6. Others with  much much higher profiles have talked about atheism-related topics in TED talks but I’d love to take a shot at my “5 C’s” theory of why people are religious (recapping: Comfort, Community, Conformity, Comprehension, Convenience.)
  7. Confessions of a pro wrestling fan
  8. I’m fascinated by the idea of a maximum wage so, although I think about it from a very layperson perspective, that’d be one topic I think I could have a lot of fun talking about.  (Now where’d I put my Bono wraparound sunglasses?) 
  9. 101 Ways I’ve Failed As A Parent
  10. If librarians are the ultimate generalists, I sometimes wonder if it would work to do a “quick hits” talk covering a number of innovative ideas in short order rather than focusing on just one big idea?  As somebody who’s used this blog to propose everything from a way to improve maternity leave benefits to a new one-stop-shop-for-your-digital-life (er, not counting Google) to  an idea to make people’s birthdays into a new stat holiday, I’d love to give it a shot!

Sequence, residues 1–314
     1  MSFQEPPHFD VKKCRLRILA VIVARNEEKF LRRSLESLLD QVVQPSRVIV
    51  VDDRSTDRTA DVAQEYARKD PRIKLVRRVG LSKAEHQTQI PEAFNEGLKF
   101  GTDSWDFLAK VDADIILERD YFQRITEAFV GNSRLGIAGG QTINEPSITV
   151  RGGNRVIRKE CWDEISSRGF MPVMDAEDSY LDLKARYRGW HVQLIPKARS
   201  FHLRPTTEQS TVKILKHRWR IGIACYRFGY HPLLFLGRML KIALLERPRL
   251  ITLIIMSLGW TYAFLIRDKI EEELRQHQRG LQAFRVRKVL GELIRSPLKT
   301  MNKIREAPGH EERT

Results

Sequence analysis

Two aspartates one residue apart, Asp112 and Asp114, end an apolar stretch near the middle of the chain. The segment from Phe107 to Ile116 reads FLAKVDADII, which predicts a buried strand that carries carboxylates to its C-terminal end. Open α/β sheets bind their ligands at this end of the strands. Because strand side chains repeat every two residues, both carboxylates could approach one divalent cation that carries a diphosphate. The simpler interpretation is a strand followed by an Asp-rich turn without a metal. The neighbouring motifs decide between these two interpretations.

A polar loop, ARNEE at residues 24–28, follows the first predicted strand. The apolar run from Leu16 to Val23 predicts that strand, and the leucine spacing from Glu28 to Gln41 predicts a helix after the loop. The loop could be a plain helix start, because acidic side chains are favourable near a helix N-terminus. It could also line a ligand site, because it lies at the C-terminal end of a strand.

Comments 2

  1. Ryan Deschamps wrote:

    Hi Jason – I think where I wanted to go with that (and probably could have been clearer) is that librarians know the power of not-knowing things. It’s not just being a generalist, it’s more about the willingness to learn about something with others and/or helping people live with the idea of not knowing stuff (and using connections to find out). Not knowing what a library is for (-ish) was key to the success of the consultation process – the public became the experts, and the architects and service people all had to respond to those needs.

    Posted 06 Jun 2013 at 10:22 am
  2. HeadTale wrote:

    Thanks for clarifying – I was going from memory on exactly how you phrased it so knew I’d probably garbled it a bit.

    Anyhow, I think that’s very true that there’s power in admitting you don’t know everything about whatever subject is in front of you and librarians are indeed (usually) very good at this.

    Is it too early to say I’m already excited for TEDxRegina 2014? 😉

    Posted 06 Jun 2013 at 3:45 pm